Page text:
No doubt that many of you reading this entry will be very disappointed with the content. It’s all about cocottes. Evidently, the French word cocotte has two meanings. There’s the culinary definition – an individual serving sized dish of baked eggs and cream. And then there’s the other meaning referring to – well, you know – ladies of the evening.
So, if you’ve landed here via a Google search with hopes of photos and info on the red light district cocottes, sorry, this post is all about eggs. But if you’re here for the edible cocotte (I’ll restrain myself and not make an off-color joke here) then boy-oh-boy, do I have a dish for you.
The nuts and bolts of this dish are simple (and delicious): eggs, heavy cream, bacon, sautéed potatoes and butter. How can you go wrong, right? You can’t.
The other unique element of this dish is the presentation. It has the beauty of a sunny side up egg (bright, intense yellow yolk center) but with the ease of making a frittata – just mix and pop it in the oven. Again, how can you go wrong?
I was indirectly inspired to make this dish. Walking through a local home store, I found these cool tiny 6-ounce ramekins that were designed to look like a full sized Le Creuset enameled Dutch ovens. I saw them. I was intrigued. Resistance was futile. I bought them. (Did I mention that they were only $2.50 each?)
It wasn’t until I got home that I thought, “Sure they were cheap but what can I use them for?” Individual Mac & Cheeses? That could work. Or maybe soup dishes? Too awkward and forced.
At some point I thought of cocottes. I also remembered this Gourmet magazine recipe that I bookmarked a while back. At this point I should mention that the original Gourmet recipe has almost no resemblance to the recipe that I ended up making. It has been tweaked (ingredients & technique) almost beyond recognition. Not because I possess any advanced skills at culinary improvisation. I just didn’t want to go to the market and buy the ingredients. I used what I had on hand. As I have mentioned before on this site, I can be quite lazy.
More important than the presentation is the flavor. It’s delicious, filling and satisfying. The sautéed potatoes and leeks. The bacon. The lightly cook egg with the rich runny yolk. The cream.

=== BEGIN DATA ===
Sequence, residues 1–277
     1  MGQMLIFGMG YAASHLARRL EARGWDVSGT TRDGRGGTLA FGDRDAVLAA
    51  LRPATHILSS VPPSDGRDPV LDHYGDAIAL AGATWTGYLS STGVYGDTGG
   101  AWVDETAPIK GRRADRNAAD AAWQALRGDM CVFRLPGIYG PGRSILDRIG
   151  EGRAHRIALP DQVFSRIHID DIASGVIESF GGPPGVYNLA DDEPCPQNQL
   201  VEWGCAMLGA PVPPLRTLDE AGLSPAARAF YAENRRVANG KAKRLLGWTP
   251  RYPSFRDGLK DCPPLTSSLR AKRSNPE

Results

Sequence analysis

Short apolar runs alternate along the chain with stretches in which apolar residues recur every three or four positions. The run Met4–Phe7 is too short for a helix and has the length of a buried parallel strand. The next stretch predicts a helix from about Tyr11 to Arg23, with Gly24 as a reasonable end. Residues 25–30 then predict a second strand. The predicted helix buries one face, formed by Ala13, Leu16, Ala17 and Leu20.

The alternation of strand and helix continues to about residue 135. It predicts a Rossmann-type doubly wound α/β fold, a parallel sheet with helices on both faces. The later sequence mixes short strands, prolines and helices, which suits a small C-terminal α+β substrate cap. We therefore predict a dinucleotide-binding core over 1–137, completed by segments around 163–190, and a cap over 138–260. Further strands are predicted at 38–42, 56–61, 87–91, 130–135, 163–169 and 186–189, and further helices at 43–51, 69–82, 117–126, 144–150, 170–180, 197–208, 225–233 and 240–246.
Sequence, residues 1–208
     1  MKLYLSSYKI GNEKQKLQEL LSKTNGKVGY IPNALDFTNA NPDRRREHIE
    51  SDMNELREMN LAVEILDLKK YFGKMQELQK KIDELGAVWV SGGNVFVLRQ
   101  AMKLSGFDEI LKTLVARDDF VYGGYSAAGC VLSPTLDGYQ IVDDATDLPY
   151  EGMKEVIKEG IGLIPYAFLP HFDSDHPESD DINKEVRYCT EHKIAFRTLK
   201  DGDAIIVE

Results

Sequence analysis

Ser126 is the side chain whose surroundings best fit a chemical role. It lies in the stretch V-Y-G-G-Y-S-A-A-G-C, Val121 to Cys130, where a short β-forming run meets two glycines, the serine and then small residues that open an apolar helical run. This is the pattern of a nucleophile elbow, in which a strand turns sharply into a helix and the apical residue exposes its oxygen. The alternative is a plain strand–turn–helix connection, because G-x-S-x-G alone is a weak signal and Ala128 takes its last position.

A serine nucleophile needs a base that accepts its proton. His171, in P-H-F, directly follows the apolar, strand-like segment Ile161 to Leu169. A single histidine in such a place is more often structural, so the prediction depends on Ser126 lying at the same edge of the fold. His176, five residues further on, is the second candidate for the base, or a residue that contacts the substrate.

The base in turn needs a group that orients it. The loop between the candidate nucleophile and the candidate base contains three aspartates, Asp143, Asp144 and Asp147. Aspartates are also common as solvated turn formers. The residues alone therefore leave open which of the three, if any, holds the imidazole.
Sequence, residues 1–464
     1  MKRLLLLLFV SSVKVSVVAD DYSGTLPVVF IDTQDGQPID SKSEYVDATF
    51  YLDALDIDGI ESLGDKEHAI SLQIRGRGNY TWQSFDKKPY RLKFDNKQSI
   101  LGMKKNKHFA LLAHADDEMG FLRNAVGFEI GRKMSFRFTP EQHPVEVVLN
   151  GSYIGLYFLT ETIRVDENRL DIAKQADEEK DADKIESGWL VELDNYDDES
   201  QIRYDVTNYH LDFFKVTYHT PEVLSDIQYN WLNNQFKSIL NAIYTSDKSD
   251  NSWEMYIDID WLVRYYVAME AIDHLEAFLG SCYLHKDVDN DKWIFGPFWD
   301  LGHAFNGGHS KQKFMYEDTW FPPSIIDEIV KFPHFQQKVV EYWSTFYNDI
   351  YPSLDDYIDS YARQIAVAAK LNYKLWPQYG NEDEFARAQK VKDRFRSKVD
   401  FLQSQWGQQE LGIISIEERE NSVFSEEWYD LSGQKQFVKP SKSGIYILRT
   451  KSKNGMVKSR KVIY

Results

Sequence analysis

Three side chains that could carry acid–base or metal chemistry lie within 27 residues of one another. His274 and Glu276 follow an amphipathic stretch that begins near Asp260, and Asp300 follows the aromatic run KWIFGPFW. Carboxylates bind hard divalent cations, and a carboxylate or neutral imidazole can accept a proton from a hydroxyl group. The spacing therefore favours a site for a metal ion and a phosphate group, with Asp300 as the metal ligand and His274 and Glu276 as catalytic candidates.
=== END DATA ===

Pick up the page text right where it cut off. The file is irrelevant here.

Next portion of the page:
I think this would make a great brunch dish. Or better yet, make them, serve them on a tray with the Sunday paper, orange marmalade buttered toast, a glass of OJ and/or coffee and it becomes the perfect breakfast-in-bed treat for your main squeeze.
NOTE: If you’re making this dish for a group. I would suggest that you cook the bacon and potatoes-leek mixture ahead of time (even the day before). And a bit before you’re ready to serve, assemble the ramekin components and pop them in the oven.
NOTE 2: The eggs in this recipe will not be fully cooked, which may be of concern if salmonella is a problem in your area.
NOTE 3: I recommend that you use a nonstick pan for sautéing the potatoes. I didn’t. A good deal of my potatoes burned and stuck to the pan. Using a nonstick pan also allows you to use less of the rendered bacon fat when cooking the potatoes. Which is good since it’s a bacon, heavy cream and yolk dish.
EGGS EN COCOTTE BAKED WITH CREAM & BACON
¾ cup slab bacon cut into lardons (1/4” wide batons)
2/3 cup potato, ½” diced cubes
1/3 cup leeks, diced
dash of dried thyme
2 large eggs
3 TBL heavy cream
1 TBL butter
Salt and fresh cracked pepper, to taste
Chives, diced (for garnish)
Equipment: 2 (6-ounce) ramekins
Preheat oven to 350°F with rack in middle.
In a medium sized nonstick sauté pan, cook bacon lardons over moderate heat until it they are crisped and cooked through.
Let bacon drain on a paper towel.
Meanwhile pour off and discard all but 1 tablespoon of the rendered bacon fat. To the sauté pan, add potatoes, leeks and thyme and cook until the potatoes are cooked through, about 20 minutes.
Divide and layer the potato/leek mixture among the two ramekins. Add a layer of bacon lardons to each serving (reserving a few of the lardons to garnish the cooked dish). Spoon 1 tablespoon of heavy cream into each serving. Crack an egg into each ramekin and season lightly with salt and pepper. Spoon 1 teaspoon (2 teaspoons, if you dare) of cream over each egg. Cut the tablespoon of butter into 4-6 small pieces and dot the top of each ramekin with butter.
Put ramekins in a shallow baking pan and bake, rotating pan halfway through baking, until whites are just set but yolks are still runny, 15 to 20 minutes, removing from oven as cooked.